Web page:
Cash By Optus (CBO) is a free service offered to Optus Postpaid subscribers that enables you to use your phone as a paywave debit card. In order to be eligible for Cash By Optus you must have three things:
- A phone with a functioning and open Near Field Communication (NFC) chip. This covers most modern Android and Windows Phones, but no iPhones*
- A Cash By Optus SIM. This costs nothing and can be registered for online. You can't get it in-store.
- A bank account
*The iPhone 6 and 6 Plus have NFC chips, but are restricted to being used for the Apple Pay service only. They will not work with CBO. Apple Pay is not yet currently available in Australia.
How does it work?
Once you have money in your Cash By Optus account, all you have to do is tap the NFC area of your phone, usually on the back of the device, to the Paywave section of a terminal. The payment will go through automatically, just like it would with a credit card.
You don’t need to have the CBO app open. You don’t even have to unlock your device. Just tap the phone and you’re done. You can even be in the middle of a call, or using your phone for any other purpose. It doesn’t matter, the payment will go through without affecting whatever is currently on the screen.
Do note that there’s no PIN, which means you can’t use it for transactions that require one.
Online purchases are also very easy. In the main menu, there is a tab that says “Online Payment”. Tap this and an image of your virtual debit card will appear, complete with card number and security number. Use these as you would a regular debit or credit card.
Is it safe? What are the limits?
It’s roughly as safe as using any regular Paywave card, in that anyone can use it. If you lose your phone then whoever finds it will be able to make purchases, even if you have a password protecting the phone, because it works while locked.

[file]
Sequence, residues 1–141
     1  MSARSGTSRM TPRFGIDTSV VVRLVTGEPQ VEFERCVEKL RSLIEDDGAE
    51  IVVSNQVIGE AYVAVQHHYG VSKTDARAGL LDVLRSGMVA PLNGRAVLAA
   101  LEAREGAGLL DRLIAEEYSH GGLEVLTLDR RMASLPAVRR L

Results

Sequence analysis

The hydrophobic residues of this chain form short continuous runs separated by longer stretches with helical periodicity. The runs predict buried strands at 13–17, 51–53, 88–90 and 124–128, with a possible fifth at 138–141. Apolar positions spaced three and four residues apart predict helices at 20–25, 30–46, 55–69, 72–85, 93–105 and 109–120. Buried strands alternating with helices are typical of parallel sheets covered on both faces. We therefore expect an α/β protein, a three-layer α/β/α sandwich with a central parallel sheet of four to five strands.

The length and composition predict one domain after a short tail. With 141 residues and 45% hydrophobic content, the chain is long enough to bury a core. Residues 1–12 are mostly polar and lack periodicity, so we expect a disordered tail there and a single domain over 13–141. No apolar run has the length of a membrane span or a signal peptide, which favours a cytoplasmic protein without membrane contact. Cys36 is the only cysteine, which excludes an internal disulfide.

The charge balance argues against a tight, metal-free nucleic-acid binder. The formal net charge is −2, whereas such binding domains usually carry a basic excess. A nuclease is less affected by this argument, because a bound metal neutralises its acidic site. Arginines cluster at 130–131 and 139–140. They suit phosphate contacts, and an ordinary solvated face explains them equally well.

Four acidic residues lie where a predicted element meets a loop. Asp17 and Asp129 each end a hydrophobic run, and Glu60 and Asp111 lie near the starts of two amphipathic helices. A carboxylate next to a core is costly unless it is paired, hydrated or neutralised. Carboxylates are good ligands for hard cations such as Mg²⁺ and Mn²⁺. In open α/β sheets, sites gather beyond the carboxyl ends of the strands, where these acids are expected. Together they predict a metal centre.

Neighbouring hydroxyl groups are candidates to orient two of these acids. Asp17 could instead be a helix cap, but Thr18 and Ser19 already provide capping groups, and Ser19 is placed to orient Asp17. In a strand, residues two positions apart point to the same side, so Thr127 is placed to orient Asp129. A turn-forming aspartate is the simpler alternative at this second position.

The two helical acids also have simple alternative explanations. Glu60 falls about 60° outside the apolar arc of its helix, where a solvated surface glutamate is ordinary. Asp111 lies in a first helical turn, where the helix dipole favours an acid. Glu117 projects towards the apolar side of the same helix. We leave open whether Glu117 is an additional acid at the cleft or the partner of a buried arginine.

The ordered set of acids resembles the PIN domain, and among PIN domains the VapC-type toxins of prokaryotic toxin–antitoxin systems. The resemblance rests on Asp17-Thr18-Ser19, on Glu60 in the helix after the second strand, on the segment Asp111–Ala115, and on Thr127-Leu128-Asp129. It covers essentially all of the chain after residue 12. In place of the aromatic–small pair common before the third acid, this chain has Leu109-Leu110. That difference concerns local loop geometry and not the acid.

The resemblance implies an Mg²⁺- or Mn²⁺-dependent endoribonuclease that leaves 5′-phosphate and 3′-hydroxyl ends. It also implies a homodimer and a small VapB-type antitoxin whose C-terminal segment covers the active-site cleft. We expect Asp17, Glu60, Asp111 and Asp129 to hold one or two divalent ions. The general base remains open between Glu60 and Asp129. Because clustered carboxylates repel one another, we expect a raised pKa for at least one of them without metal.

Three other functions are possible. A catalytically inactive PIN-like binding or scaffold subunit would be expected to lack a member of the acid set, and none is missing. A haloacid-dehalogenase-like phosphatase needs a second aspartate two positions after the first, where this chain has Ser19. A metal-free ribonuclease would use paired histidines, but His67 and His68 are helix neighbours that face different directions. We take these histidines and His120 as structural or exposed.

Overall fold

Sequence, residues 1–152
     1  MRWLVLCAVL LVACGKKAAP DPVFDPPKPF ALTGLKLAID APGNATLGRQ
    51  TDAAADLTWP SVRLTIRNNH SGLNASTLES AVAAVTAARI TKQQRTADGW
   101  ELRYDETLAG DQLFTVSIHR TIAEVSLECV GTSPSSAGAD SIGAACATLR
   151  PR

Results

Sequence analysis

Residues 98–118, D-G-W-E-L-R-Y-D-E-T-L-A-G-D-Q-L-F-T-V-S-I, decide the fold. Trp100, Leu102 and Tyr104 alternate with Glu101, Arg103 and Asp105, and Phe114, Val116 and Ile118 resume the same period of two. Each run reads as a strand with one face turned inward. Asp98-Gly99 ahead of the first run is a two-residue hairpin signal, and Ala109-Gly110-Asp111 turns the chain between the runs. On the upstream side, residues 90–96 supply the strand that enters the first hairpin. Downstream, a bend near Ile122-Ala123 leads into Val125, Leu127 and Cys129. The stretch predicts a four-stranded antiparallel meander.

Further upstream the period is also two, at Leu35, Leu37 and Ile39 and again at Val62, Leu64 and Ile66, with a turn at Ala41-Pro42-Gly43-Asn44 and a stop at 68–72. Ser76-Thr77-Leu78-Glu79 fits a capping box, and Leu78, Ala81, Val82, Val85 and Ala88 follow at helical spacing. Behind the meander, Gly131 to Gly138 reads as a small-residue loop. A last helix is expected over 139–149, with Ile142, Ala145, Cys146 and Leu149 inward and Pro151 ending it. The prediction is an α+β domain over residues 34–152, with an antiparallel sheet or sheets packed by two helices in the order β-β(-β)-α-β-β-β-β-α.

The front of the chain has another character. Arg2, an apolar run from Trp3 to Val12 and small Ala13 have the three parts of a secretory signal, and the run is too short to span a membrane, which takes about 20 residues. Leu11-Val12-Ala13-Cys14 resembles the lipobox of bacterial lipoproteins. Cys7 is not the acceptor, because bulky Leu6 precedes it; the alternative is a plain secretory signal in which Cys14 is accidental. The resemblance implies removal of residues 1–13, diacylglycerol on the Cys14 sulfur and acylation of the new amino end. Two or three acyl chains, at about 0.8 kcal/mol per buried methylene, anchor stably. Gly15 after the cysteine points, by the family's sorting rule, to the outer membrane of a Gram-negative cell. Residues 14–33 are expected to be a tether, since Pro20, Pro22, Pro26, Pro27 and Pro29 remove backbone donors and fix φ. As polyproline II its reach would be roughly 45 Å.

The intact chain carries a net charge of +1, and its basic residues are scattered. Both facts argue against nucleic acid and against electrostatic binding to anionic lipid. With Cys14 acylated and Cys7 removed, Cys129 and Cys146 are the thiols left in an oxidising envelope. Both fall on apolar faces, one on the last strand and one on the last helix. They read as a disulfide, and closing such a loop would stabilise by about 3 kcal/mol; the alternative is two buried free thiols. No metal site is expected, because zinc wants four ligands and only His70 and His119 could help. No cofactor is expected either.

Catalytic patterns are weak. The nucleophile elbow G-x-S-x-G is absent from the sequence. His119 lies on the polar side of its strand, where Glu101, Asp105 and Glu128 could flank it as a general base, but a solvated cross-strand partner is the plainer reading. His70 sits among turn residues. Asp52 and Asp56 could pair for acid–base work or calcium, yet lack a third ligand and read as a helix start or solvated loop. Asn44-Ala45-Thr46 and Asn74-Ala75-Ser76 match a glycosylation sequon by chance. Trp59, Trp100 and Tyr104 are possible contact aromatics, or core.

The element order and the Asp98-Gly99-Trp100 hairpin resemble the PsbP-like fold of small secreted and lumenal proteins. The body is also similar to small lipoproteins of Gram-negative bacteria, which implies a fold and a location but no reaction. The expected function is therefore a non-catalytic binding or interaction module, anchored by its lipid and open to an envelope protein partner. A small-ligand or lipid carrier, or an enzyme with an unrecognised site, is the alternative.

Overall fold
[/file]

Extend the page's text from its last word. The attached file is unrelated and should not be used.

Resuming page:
It does seem less likely that the average dishonest person would think of using it as a payment device like would a credit card, so you might say it’s a bit safer in that respect. You can also ask Optus to put a freeze on the account by calling 133 937.
There are strict maximum usage cut-offs. Only $500 can be in the account at any one time and a maximum of $1000 can be loaded on to the account in a single day. The maximum funds that can be loaded on in a month is $3000.
Due to there being no PIN, the maximum single purchase is anything under $100. This is the maximum amount allowed for contactless transactions in Australia. Online purchases of up to $250 are allowed.
As for the concerns that have been raised about phone-payment systems with regards to skimming money straight out of your pocket, there’s no real difference here between a regular Paywave card and Cash By Optus. Both have to be in very close proximity to a payment device, but requires authorisation from you to make a payment.
Transferring money on to Cash By Optus
Getting set up with your Cash By Optus account is a little odd. Optus will deposit a small amount of money in to the bank account you wish to link. This deposit amount, plus a code associated with the randomly-generated transferee name, will be the two confirmation codes you need to sync the account.
It’s not too difficult to do, but it does take up to 3 business days for the initial transfer to complete. After that, any transfers you make from the linked account to your CBO account will also take up to three business days to clear. The whole setup process can therefore take up to 6 business days – over one week. You can either set up automatic transfers, or do one-off manual ones.
The three day waiting period for each successive transfer means it’s not going to be useful if you suddenly realise your Cash By Optus is low on funds. This is a service that you need to keep up to date in advance of when you need it, but works very well once you actually have the funds in there.
Will Cash By Optus replace my wallet?
Almost definitely not. You can’t make large purchases with it, nor can you transfer money to it quickly in a pinch. Cash By Optus is a convenient way to make small purchases, but not a complete replacement for a credit, debit or eftpos card.
It’s just a small way of making your life easier, but it’s up to you to decide whether or not you think you’ll use it. At the very least it’s free to try and will be a talking point the first few times your friends see you use it.